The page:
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Bill proposes studying 'cracks' in H-2A program

Bill proposes studying 'cracks' in H-2A program

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Capital Press

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U.S. Rep. Lori Chavez-DeRemer, R-Ore., is lending her support to a bill that aims to address "cracks" in the H-2A program for seasonal agricultural guestworkers. 

The Farm Workforce Support Act was introduced in April by Reps. Gabe Vasquez, D-N.M., and Juan Ciscomani, R-Ariz. Chavez-DeRemer, a freshman representative from Oregon's Willamette Valley, signed on as a co-sponsor in June. 

H-2A visas are certified by the Department of Labor and issued by states to fill seasonal agricultural jobs, such as picking and packaging crops. 

The number of visas issued nationwide has increased every year since 2012. So far in fiscal year 2023, the DOE has received 14,408 H-2A applications — up 11.4% over the previous year — and certified 206,096 positions. 

The top five states for H-2A positions are Florida, California, Washington, Georgia and North Carolina.

Chavez-DeRemer, a member of the House Agriculture Committee, said she has heard from farmers worried about rising labor costs and worker shortages as part of a series of listening sessions to discuss the upcoming 2023 Farm Bill.

"There's lots of places, (and) many industries, that are hurting from a workforce shortage," Chavez-DeRemer told the Capital Press. "In our district and around the state of Oregon, we've had dairy farms close due to labor costs." 

In order to incentivize more labor, Chavez-DeRemer said the Farm Workforce Support Act would direct the Government Accountability Office to study deficiencies in the H-2A program, setting the stage for possible improvements. 

What's the bill do?

Specifically, the bill would require a report analyzing five key areas:

• The impact that H-2A has had on hiring, and whether there is an increasing reliance on the program.

• Problems with securing adequate housing for guestworkers. 

• Employers' compliance with working conditions guaranteed in H-2A contracts.

• Wage rate requirements, and whether they hinder the ability to hire workers. 

• The economic impact of wages lost from spouses and unmarried adult children of visa recipients being unable to work. 

"We want to make sure this program doesn't have so much red tape that farmers, ranchers and producers don't want to use it," Chavez-DeRemer said.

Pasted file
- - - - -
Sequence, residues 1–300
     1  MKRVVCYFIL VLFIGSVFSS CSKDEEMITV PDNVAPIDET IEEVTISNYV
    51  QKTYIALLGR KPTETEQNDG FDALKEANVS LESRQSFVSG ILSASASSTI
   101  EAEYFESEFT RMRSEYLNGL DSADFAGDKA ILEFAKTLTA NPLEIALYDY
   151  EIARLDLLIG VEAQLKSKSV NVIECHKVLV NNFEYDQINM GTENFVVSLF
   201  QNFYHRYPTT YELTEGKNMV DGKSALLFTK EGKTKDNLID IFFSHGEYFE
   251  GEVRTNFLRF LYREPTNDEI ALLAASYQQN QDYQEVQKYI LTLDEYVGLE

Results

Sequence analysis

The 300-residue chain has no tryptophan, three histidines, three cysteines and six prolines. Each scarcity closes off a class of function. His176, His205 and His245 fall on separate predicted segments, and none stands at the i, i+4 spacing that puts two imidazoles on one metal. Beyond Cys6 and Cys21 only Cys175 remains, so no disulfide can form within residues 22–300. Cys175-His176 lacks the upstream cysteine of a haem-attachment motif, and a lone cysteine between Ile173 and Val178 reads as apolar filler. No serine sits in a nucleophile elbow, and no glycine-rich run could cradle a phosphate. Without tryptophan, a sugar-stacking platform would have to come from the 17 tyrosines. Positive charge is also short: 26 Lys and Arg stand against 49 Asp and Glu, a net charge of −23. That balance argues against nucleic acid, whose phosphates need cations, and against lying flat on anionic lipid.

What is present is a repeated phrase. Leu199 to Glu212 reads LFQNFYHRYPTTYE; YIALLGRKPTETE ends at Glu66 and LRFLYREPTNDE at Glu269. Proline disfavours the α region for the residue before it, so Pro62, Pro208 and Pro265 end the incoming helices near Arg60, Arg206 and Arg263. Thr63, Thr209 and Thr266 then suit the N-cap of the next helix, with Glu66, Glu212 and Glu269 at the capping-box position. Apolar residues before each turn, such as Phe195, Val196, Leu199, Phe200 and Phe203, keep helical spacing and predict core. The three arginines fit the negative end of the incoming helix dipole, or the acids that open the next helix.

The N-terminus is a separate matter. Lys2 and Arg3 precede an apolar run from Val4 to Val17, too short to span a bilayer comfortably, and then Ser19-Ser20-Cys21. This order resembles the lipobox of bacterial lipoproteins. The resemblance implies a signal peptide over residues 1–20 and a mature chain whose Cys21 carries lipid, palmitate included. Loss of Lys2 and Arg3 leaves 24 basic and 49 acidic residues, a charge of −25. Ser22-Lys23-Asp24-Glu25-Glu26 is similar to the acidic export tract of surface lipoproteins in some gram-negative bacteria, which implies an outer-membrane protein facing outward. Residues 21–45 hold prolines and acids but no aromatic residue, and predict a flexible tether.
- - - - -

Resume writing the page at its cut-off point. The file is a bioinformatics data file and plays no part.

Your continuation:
'Need for reforms' urgent

Scott Dilley, public affairs director for Wafla, the country's third-largest H-2A employer based in Olympia, Wash., said the group is "always open to more study and more data about H-2A," though the need for reforms is growing more urgent.

"We'd certainly hope that, while studies are important, we don't forget about doing some kind of work to address H-2A reform as quickly as possible," Dilley said. "Because farmers here in America can't find enough workers, the only other way they can go about doing this is bringing in workers through H-2A." 

Other reforms proposed

The Farm Workforce Support Act is not to be confused with another bill, the Farm Workforce Modernization Act, which was reintroduced for the third time this year by Reps. Dan Newhouse, R-Wash., and Zoe Lofgren, D-Calif.

That proposal includes some reforms for H-2A, such as streamlined recruiting and capping wage rate increases, while also creating a new path to citizenship for agricultural workers.

Dilley said Wafla remains concerned about aspects of the Farm Workforce Modernization Act. For example, he said the wage rate caps seem arbitrary, as opposed to market-based.

As for the Farm Workforce Support Act, Dilley said he wants to see more details about how the study will be conducted to ensure it stays objective. 

"There's nothing there that lays out who needs to be interviewed, or which data will be used," he said. "Will there be stakeholder input? What will that look like? ... I think it would help if we had more specifics in it about what that study looks like, because we don't want it to be one-sided." 

Chavez-DeRemer said she recognizes the need for urgent action. While the bill does not include a timeline for submitting a report back to Congress, she is optimistic that it will be a step in the right direction. 

"Sometimes in government, we like to wait a long time to get things done," she said. "But this is a pressing issue." 

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